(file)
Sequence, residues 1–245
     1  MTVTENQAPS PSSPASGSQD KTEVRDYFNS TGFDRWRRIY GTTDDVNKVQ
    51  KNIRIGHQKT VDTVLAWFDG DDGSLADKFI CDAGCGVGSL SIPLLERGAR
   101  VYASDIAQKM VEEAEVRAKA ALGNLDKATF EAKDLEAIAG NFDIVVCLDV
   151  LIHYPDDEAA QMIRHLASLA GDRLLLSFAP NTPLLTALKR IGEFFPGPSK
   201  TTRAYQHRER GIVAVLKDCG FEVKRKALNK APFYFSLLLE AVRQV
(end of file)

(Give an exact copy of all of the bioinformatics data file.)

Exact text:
Sequence, residues 1–245
     1  MTVTENQAPS PSSPASGSQD KTEVRDYFNS TGFDRWRRIY GTTDDVNKVQ
    51  KNIRIGHQKT VDTVLAWFDG DDGSLADKFI CDAGCGVGSL SIPLLERGAR
   101  VYASDIAQKM VEEAEVRAKA ALGNLDKATF EAKDLEAIAG NFDIVVCLDV
   151  LIHYPDDEAA QMIRHLASLA GDRLLLSFAP NTPLLTALKR IGEFFPGPSK
   201  TTRAYQHRER GIVAVLKDCG FEVKRKALNK APFYFSLLLE AVRQV